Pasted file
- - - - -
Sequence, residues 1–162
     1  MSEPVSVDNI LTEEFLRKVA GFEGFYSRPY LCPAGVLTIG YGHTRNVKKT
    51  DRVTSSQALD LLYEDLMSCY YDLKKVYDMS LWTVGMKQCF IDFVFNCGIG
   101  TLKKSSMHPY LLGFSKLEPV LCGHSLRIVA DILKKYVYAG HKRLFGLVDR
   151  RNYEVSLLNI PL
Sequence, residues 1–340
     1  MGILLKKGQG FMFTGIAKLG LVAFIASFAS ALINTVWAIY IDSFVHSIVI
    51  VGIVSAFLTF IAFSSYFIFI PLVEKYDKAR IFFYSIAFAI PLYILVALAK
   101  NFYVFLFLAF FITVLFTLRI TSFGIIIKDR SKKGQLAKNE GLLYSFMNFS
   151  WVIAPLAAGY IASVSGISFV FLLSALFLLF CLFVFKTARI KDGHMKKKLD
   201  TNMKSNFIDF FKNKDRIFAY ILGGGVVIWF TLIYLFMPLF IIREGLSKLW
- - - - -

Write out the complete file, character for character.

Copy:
Sequence, residues 1–162
     1  MSEPVSVDNI LTEEFLRKVA GFEGFYSRPY LCPAGVLTIG YGHTRNVKKT
    51  DRVTSSQALD LLYEDLMSCY YDLKKVYDMS LWTVGMKQCF IDFVFNCGIG
   101  TLKKSSMHPY LLGFSKLEPV LCGHSLRIVA DILKKYVYAG HKRLFGLVDR
   151  RNYEVSLLNI PL
Sequence, residues 1–340
     1  MGILLKKGQG FMFTGIAKLG LVAFIASFAS ALINTVWAIY IDSFVHSIVI
    51  VGIVSAFLTF IAFSSYFIFI PLVEKYDKAR IFFYSIAFAI PLYILVALAK
   101  NFYVFLFLAF FITVLFTLRI TSFGIIIKDR SKKGQLAKNE GLLYSFMNFS
   151  WVIAPLAAGY IASVSGISFV FLLSALFLLF CLFVFKTARI KDGHMKKKLD
   201  TNMKSNFIDF FKNKDRIFAY ILGGGVVIWF TLIYLFMPLF IIREGLSKLW